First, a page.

Charles what now?
That looks horrible. Per Sciaretta’s tweet, that’s from midfield at Vivian Richards Stadium.
Before we go denigrating the U.S. too much, he suggests, take a look at that pitch. Perhaps the U.S. should be thankful for what they got.
It does, however, beg a question: How did the teams combine for three goals in that slop? The answer to that is less important than the fact they did score three goals. While it’s true the teams could have had an easier time of it on a nice day (perhaps leading to more goals), scoring was not an issue on Friday night. The States scored as many goals in 90 minutes as they did in 180 versus Jamaica.
Go beyond the goals, consider the chances, and you see a similar story. This was a pretty typical U.S. performance, even in the adverse conditions. Eddie Johnson had three good chances. Michael Bradley hit a post. Herculez Gomez had two opportunities to worry Antigua and Barbuda only to see his touch fail him. Depending on how you want to count them, that’s four-to-six chances. It’s not as if the United States had been generating many more on good tracks.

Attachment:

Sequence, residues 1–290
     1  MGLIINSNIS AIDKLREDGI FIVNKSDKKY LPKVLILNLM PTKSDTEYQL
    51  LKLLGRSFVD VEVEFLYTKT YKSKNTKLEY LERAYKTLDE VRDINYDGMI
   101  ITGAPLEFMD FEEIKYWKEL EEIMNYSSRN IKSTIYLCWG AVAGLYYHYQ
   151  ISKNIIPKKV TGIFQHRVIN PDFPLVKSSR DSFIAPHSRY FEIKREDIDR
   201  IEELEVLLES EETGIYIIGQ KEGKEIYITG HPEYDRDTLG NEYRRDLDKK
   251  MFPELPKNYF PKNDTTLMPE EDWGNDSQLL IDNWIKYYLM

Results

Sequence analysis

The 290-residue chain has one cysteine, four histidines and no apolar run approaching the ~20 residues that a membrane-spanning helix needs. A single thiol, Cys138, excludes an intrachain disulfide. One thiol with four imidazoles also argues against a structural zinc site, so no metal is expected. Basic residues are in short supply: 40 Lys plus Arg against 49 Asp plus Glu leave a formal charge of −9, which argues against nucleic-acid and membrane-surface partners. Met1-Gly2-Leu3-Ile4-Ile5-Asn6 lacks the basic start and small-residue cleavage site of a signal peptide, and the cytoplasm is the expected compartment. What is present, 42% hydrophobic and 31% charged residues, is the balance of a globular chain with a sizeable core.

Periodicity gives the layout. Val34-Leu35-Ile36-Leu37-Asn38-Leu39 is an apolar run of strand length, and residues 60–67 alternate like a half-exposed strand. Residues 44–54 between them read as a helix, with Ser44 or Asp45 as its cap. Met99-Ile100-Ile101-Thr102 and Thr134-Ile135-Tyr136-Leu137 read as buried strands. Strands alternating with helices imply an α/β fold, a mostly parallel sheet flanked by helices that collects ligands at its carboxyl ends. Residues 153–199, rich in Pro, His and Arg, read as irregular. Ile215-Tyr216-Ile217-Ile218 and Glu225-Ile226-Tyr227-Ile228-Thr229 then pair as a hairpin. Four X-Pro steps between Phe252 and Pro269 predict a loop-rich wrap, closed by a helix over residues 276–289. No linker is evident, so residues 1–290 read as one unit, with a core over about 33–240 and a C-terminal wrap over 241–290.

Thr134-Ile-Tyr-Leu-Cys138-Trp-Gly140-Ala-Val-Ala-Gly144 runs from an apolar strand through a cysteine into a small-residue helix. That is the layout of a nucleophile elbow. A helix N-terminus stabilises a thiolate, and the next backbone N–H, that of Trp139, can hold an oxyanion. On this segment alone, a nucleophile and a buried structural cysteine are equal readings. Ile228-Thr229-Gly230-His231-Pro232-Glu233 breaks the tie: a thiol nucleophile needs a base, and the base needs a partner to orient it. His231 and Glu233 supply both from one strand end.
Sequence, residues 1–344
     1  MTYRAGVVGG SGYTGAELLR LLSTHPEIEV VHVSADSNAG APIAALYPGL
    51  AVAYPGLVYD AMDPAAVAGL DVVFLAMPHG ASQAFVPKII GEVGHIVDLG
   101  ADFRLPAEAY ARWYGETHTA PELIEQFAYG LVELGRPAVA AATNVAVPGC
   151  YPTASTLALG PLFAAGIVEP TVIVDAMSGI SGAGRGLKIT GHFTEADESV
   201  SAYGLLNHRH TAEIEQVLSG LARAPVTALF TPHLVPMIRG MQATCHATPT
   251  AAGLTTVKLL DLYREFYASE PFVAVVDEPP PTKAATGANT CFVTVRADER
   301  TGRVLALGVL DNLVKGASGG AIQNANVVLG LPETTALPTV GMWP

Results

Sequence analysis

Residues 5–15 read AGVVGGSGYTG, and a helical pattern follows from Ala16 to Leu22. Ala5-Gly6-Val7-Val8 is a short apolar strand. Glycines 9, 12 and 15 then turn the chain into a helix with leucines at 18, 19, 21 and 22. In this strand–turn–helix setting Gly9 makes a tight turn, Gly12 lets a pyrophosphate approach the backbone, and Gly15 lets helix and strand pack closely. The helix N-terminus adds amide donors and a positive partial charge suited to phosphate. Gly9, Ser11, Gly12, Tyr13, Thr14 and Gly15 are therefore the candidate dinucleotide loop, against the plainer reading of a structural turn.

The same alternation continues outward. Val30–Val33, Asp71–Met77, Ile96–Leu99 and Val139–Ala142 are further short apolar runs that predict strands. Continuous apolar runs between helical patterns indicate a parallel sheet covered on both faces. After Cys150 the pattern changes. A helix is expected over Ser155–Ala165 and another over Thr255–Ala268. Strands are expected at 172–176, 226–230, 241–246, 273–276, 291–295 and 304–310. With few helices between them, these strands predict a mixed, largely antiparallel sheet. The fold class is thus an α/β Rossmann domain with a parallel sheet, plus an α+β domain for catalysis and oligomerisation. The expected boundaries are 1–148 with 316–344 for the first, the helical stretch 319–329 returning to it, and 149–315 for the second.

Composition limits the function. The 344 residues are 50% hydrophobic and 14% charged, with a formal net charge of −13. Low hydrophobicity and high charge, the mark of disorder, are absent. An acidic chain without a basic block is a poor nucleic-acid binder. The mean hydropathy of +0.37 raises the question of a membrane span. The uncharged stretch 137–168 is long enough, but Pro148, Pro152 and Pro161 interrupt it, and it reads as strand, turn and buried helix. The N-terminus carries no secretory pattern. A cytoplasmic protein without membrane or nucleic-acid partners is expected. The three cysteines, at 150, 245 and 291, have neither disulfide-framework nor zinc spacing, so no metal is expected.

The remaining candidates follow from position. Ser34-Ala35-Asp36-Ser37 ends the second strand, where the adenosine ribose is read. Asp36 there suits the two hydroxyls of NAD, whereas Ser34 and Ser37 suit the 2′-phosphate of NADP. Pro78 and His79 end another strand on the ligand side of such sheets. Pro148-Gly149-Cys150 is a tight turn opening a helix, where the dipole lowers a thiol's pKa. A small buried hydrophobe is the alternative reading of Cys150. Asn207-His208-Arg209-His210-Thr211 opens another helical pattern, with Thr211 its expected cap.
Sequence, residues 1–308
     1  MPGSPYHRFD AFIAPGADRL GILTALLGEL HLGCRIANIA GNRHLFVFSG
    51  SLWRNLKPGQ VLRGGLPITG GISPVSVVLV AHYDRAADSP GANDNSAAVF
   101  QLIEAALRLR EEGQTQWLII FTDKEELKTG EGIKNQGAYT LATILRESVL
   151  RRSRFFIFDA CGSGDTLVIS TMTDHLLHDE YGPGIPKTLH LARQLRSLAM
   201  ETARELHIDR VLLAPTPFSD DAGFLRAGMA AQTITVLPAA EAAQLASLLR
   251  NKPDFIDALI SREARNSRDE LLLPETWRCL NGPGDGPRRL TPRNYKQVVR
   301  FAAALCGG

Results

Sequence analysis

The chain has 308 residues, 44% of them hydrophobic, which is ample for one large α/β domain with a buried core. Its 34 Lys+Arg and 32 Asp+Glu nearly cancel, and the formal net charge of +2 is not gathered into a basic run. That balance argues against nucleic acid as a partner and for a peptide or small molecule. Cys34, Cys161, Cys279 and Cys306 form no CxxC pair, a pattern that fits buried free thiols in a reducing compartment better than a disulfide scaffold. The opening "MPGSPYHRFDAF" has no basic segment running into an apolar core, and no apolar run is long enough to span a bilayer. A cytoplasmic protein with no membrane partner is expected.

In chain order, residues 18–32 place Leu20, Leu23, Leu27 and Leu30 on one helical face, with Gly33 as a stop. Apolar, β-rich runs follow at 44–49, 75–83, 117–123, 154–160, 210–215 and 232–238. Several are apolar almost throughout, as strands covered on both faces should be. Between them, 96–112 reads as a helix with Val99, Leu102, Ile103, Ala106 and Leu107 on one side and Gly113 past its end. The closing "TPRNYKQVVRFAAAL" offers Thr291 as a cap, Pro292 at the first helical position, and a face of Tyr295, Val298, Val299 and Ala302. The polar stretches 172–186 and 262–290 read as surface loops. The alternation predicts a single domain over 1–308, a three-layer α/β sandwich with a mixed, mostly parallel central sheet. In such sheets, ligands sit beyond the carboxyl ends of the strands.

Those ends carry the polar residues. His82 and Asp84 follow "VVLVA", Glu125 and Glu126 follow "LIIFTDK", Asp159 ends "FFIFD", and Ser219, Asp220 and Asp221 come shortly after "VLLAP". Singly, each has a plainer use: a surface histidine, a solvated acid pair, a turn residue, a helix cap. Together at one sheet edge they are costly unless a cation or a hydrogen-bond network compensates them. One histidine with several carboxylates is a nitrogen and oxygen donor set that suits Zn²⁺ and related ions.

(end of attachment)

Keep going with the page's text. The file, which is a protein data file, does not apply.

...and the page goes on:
The conditions of St. John’s cricket ground were part of Friday’s story, but they can’t be an excuse. Both teams had to play in them, and both teams proved capable of overcoming them. It was unclear the field gave either side an advantage, let alone dictated the result. Ultimately, the U.S. looked no different in a swamp than on dry land: Controlling, but struggling to convert possession into chances.
Bottom line: U.S. Soccer is a program that should be expected to overcome certain obstacles. Weather against a team that didn’t make last cycle’s third round might be the last of them.
Besides, it’s not like many people were taking up the Antiguan cause when they were subjected to a downpour in Tampa.